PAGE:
ROI (return on investment) is a widely used measure to compare the effectiveness of IT systems investments. It is commonly used to justify IT projects, but can measure project returns at any stage and be used to evaluate project team performance and other relevant factors.
Definition of ROI
The basic ROI calculation is to divide the net return from an investment by the cost of the investment, and to express this as a percentage. ROI, while a simple and extremely popular metric, may be easily modified for different situations. The ROI formula is:
ROI % = (Return – Investment Cost)/Investment Cost x 100
Using ROI within IT Projects
Comparing the ROI of different projects/proposals provides an indication as to which IT projects to undertake. ROI proves to corporate executives, shareholders, and other stakeholders that a particular project investment is beneficial for the business.
A project is more likely to proceed if its ROI is higher – the higher the better. For example, a 200% ROI over 4 years indicates a return of double the project investment over a 4 year period.
Financially, it makes sense to choose projects with the highest ROI first, then those with lower ROI’s. While there are exceptions, if a project has a negative ROI, it is questionable if it should be authorized to proceed.
ROI may not be useful in every IT project. Below is a list of examples where calculating the ROI may not be appropriate:
- Expenditure such as IT consumables, replacing broken PC’s
- Short duration maintenance projects that can be completed in less than 1 month.
- Projects that do not produce cost savings or revenue. For these ROI will be zero or negative.
- Projects that are mandated for regulatory and compliance.
- Projects that involve life or death. (e.g., Healthcare Solutions),
- Projects which only have intangible benefits and no measurable financial benefits
Issues with Basic ROI Calculations
ROI calculation may be erroneous and may appear to point to the wrong conclusions. Issues to be concerned about include:
- ROI calculations can be manipulated if you are not careful.
- Project savings, income and expenditures should be measurable and realistic. But sometimes these measures are not easily measurable and their realism is questionable.
- Project benefits may be attributable to more than one improvement – so care needs to be taken to avoid double counting.
- When forecasting costs and benefits, it is not always possible to obtain a high degree of certainty with respect to the accuracy of project costs and benefits.
ROI on IT system projects should be based on tangible (or hard) benefits. Generally, financial benefits can be placed into five categories:
Below are some examples of IT benefits, which should always be expressed in dollars.
- Providing a new service that results in increased sales to new and existing customers.
- Travel reduction (e.g., online meetings replacing face-to-face meetings, remote support replacing onsite support).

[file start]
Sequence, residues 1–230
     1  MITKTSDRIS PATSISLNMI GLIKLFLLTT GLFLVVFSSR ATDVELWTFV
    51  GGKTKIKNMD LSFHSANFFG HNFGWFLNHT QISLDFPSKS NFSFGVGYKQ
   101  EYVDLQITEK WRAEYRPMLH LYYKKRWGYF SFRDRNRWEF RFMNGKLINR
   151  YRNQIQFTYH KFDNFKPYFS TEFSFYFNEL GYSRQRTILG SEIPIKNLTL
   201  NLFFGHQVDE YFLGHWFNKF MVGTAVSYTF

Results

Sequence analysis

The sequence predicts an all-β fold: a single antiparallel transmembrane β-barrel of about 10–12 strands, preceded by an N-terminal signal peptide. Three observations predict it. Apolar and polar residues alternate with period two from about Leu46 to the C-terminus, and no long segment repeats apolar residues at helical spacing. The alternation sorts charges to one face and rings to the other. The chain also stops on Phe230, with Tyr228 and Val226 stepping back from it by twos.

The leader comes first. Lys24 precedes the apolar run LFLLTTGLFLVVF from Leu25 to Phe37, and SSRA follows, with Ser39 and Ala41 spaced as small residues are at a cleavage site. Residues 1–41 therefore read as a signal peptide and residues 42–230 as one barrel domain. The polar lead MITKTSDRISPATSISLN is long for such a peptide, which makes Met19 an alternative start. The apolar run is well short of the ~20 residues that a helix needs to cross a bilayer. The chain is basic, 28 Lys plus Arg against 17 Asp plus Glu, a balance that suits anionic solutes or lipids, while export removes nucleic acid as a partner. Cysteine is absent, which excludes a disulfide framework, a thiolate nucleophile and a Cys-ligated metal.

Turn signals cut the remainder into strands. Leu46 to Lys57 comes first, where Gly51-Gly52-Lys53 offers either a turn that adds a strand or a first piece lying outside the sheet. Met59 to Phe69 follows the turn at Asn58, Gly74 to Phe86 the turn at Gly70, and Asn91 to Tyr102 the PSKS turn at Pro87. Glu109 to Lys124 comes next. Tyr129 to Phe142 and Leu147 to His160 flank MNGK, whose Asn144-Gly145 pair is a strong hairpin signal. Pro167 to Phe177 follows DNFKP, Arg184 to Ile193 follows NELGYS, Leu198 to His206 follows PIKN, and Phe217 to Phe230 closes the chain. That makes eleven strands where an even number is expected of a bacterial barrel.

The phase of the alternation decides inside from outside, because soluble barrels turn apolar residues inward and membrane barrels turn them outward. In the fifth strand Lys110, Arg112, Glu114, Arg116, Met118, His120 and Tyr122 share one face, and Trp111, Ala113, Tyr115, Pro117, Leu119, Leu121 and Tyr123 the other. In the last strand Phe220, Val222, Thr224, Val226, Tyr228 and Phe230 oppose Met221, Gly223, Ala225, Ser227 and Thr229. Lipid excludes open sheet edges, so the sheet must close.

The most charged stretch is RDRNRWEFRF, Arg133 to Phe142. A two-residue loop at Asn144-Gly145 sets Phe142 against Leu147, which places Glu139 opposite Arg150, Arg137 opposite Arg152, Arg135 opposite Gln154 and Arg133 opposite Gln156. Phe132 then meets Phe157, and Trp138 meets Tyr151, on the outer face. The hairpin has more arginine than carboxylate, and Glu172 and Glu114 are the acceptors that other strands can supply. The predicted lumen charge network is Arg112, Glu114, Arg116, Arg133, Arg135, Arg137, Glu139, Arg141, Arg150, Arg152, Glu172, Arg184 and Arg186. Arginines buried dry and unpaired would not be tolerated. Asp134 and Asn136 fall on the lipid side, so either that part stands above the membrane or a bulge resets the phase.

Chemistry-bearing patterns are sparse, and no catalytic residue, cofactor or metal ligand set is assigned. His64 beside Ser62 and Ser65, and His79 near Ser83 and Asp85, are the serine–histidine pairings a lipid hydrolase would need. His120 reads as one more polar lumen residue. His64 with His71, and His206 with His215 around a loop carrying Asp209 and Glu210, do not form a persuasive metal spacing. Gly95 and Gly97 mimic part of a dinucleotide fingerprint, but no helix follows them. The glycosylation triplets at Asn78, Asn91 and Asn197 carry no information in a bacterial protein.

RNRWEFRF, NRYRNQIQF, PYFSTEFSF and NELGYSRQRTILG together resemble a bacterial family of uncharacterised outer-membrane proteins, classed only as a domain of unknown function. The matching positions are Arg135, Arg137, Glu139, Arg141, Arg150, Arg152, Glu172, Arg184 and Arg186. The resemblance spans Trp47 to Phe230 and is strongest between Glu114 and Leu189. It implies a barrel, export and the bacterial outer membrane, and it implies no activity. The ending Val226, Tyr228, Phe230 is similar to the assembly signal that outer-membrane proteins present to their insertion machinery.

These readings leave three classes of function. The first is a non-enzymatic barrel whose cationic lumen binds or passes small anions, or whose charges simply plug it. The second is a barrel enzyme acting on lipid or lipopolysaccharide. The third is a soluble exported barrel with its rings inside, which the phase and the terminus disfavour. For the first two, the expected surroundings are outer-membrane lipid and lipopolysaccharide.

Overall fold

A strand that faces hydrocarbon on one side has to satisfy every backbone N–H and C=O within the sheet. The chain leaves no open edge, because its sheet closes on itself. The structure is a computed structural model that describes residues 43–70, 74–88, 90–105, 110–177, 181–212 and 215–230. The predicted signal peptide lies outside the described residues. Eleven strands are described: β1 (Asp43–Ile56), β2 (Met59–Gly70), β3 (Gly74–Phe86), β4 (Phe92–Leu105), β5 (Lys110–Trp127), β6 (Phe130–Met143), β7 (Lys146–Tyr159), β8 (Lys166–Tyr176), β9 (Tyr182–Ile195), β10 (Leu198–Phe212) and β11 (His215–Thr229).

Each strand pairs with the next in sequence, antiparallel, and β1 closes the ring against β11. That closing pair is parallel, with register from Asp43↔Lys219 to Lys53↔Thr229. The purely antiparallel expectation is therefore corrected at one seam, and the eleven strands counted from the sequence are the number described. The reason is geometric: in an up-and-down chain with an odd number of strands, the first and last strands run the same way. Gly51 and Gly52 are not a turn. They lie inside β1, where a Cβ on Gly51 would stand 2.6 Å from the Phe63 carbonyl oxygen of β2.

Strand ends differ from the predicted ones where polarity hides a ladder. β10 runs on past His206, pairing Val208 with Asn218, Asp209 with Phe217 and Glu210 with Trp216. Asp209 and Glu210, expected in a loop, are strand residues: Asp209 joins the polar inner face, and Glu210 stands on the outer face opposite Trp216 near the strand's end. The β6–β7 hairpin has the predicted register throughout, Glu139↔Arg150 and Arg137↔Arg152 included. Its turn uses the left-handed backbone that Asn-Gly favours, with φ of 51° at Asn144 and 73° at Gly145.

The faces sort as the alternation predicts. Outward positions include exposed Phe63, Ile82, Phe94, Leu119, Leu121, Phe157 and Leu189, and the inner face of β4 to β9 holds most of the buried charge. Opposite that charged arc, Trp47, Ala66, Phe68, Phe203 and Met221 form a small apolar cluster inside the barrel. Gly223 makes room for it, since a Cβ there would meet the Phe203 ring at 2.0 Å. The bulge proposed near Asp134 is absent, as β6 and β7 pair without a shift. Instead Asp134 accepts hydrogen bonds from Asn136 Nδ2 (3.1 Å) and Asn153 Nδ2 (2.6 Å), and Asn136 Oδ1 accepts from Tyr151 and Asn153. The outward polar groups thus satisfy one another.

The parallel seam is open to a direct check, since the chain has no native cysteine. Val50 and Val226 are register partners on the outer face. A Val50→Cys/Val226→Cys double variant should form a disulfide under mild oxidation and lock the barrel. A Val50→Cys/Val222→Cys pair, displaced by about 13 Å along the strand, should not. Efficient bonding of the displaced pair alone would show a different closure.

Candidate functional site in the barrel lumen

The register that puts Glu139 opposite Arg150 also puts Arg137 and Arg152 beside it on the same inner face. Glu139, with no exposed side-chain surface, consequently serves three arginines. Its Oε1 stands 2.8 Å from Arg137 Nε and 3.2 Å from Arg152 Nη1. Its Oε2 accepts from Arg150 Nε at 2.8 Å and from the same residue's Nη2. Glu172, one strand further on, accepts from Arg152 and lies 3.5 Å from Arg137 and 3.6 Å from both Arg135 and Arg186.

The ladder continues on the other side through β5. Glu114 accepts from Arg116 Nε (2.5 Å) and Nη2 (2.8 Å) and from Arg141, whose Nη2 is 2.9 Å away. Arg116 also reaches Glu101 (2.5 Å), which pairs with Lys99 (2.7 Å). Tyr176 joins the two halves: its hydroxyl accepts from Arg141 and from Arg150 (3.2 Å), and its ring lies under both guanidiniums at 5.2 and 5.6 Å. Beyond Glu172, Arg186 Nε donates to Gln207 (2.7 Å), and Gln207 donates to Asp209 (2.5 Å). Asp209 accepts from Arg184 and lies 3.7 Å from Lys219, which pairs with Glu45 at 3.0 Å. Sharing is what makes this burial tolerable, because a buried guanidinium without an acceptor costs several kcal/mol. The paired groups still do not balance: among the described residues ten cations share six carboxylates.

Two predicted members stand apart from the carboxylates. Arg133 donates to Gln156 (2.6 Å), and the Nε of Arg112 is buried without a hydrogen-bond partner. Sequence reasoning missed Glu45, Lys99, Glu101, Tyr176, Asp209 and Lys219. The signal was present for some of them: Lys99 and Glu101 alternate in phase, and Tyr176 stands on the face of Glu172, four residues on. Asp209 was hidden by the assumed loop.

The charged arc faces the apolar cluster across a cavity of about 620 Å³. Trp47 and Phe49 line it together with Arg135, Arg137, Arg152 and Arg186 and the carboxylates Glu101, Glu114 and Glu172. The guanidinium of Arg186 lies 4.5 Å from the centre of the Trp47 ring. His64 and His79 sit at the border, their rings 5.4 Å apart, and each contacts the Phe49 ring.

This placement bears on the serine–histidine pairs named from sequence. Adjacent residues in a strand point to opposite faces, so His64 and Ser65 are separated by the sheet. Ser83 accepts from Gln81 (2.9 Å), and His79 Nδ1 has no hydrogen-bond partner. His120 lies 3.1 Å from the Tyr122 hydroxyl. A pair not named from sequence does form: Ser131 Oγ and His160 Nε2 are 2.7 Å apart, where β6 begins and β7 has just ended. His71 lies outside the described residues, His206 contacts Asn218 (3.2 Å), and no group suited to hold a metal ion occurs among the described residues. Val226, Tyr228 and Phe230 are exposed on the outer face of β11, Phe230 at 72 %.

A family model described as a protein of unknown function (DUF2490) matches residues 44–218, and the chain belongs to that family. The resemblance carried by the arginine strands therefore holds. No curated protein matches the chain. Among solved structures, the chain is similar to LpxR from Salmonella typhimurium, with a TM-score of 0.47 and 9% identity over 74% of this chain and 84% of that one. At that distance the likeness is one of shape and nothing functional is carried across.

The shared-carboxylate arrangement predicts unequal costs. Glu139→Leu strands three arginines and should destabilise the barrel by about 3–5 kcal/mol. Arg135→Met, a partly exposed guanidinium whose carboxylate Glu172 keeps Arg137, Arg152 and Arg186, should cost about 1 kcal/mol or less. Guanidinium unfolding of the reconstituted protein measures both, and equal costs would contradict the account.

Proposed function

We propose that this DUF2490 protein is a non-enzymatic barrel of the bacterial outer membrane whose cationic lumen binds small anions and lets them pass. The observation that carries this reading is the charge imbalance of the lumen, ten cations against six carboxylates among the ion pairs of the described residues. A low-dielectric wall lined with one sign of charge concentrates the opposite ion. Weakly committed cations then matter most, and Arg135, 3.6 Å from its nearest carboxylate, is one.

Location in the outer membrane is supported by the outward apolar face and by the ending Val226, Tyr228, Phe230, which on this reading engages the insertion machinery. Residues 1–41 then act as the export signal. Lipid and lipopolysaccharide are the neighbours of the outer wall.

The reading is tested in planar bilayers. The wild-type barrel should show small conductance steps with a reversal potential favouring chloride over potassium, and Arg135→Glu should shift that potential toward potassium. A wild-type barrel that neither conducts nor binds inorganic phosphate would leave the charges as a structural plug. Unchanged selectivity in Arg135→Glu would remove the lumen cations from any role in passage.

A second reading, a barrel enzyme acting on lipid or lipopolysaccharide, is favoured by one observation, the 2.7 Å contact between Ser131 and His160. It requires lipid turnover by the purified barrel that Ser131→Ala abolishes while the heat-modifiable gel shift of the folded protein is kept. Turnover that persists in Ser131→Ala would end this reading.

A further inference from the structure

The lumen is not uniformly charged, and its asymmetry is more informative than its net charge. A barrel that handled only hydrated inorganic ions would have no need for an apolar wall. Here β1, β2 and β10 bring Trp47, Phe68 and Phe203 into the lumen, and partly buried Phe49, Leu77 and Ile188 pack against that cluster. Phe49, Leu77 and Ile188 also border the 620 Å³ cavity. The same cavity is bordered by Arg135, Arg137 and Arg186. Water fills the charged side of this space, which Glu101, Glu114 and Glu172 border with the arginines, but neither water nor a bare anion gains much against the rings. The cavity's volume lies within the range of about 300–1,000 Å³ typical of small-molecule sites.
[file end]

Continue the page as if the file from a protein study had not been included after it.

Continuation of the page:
- Lower ongoing maintenance costs.
- Fewer days in receivables resulting in lower interest costs.
- Time saved (increased productivity and reduction in time to complete tasks).
- Time saved from reduced length and number of customer service calls.
- Time saved from reduced numbers of errors.
- Lower costs for servers and storage.
- Avoids planned purchase of new data center.
Non-financial benefits should not be included in ROI calculations. While they are often as important as tangible benefits, they are difficult to financially quantify. Non-financial benefits should be fully explained within the business case and, where possible, details provided of any quantification or measurement. Examples of intangible IT benefits include:
- Increased customer satisfaction.
- Ability to offer improved customer service and support.
- Increased usability leading to increased sales.
- Increased user satisfaction.
- Improved/automated business processes that the new system supports and enables faster and more accurate information.
- Improved analytical solutions.
- Better forecasting.
- Better controls to improve data input accuracy.
- Improved software vendor support and service, improved communications, better knowledge of software, system set-up, and the like.
Relevant factors to consider in ROI calculations include:
- Timeframe: The timeframe for calculating ROI for IT projects may vary. Three years is common for hardware projects, as technology is often obsolete after 3 years. However, 5 or more years is often used for new software systems. Changing the timeframe can make significant differences in ROI calculations. Try to be consistent from project to project.
- Consistency: ROI calculations should be consistently applied across all IT system projects. Consistency also applies to the assumptions behind the ROI calculations. For example treatment of inflation and taxation (corporate and VAT/sales taxes).
- Precision. Details shown to the last dollar or to cents lead users to believe in accuracy that does not exist. Using $000’s omitted would be more appropriate. Equally, every figure being rounded with two or more zeros may lead users to believe that calculations are fairly inaccurate. A balance has to be struck, combined with the need to be as certain and accurate as possible.
Other ROI calculations
Other calculations that are typically produced at the same time as calculating ROI are:
- NPV (net present value) i.e., the return a project will make at a specified discount rate. Ideally this should be a high/positive value.
- IRR (internal rate of return) i.e., the yearly return % of the investment – the higher, the better.
- Payback (also known as break even point). This is normally expressed as the number of years it takes to recover the investment. The shorter the payback, the better.